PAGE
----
Transient disruption of autocrine TGF-beta signaling leads to enhanced survival and proliferation potential in single primitive human hemopoietic progenitor cells.

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Abstract

Hemopoietic stem cells (HSCs) are maintained at relative quiescence by the balance between the positive and negative regulatory factors that stimulate or inhibit their proliferation. Blocking the action of negative regulatory factors may provide a new approach for inducing HSCs into proliferation. A variety of studies have suggested that TGF-beta negatively regulates cell cycle progression of HSCs. In this study, a dominant negatively acting mutant of TGF-beta type II receptor (TbetaRIIDN) was transiently expressed in HSCs by using adenoviral vector-mediated gene delivery, such that the effects of disrupting the autocrine TGF-beta signaling in HSCs can be directly examined at a single cell level. Adenoviral vectors allowing the expression of TbetaRIIDN and green fluorescence protein in the same CD34(+)CD38(-)Lin(-) cells were constructed. Overexpression of TbetaRIIDN specifically disrupted TGF-beta-mediated signaling. Autocrine TGF-beta signaling in CD34(+)CD38(-)Lin(-) cells was studied in single cell assays under serum-free conditions. Transient blockage of autocrine TGF-beta signaling in CD34(+)CD38(-)Lin(-) cells enhanced their survival. Furthermore, the overall proliferation potential and proliferation kinetics in these cells were significantly enhanced compared with the CD34(+)CD38(-)Lin(-) cells expressing green fluorescence protein alone. Therefore, we have successfully blocked the autocrine TGF-beta-negative regulatory loop of primitive hemopoietic progenitor cells.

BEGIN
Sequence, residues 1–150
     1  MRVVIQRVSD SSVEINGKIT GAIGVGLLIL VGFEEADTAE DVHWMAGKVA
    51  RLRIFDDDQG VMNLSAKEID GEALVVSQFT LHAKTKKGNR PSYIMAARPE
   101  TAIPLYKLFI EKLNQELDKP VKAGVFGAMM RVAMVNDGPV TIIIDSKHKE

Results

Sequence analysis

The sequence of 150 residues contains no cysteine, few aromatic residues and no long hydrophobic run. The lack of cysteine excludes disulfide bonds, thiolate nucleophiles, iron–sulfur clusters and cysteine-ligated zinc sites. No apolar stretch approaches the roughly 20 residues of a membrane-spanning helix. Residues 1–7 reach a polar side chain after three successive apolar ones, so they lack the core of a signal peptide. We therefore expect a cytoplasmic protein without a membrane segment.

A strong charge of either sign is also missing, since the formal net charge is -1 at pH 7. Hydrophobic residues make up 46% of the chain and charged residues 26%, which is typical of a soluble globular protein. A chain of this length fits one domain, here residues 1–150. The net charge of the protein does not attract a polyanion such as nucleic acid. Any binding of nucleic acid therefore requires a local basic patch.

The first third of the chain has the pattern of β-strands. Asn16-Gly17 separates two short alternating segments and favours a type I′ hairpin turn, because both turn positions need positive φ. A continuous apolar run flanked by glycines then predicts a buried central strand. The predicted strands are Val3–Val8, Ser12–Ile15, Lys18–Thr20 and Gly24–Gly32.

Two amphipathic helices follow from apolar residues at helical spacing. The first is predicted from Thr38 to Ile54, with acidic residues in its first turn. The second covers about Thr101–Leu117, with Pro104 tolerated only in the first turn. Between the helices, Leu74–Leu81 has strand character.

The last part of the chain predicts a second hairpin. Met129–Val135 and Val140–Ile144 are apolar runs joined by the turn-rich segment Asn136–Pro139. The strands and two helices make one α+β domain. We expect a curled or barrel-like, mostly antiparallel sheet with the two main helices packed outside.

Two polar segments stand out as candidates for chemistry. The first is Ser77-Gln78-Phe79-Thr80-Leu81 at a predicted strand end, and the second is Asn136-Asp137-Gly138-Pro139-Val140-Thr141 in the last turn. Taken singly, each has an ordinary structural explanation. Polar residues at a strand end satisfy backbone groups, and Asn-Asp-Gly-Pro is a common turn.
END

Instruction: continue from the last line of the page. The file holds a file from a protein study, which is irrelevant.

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Subject classification (UKÄ) – MANDATORY

  • Immunology in the medical area

Keywords

  • Cell Lineage : genetics, Cell Division : genetics, Cell Survival : genetics, Cells Cultured, Culture Media Serum-Free, Genetic Vectors : biosynthesis, Hela Cells, Hematopoietic Stem Cells : cytology : immunology : metabolism, Human, Immunophenotyping, NAD+ Nucleosidase : biosynthesis, K562 Cells, Signal Transduction : genetics : physiology, Support Non-U.S. Gov't, Transforming Growth Factor beta : antagonists & inhibitors : genetics : pharmacology : physiology, Transduction Genetic, Cell Cycle : genetics, Cattle, Autocrine Communication : genetics, Antigens Differentiation : biosynthesis, Antigens CD34 : biosynthesis, Animal, Adenoviridae : genetics
Original languageEnglish
Pages (from-to)755-762
JournalJournal of Immunology
Volume168
Issue number2
Publication statusPublished - 2002
Publication categoryResearch
Peer-reviewedYes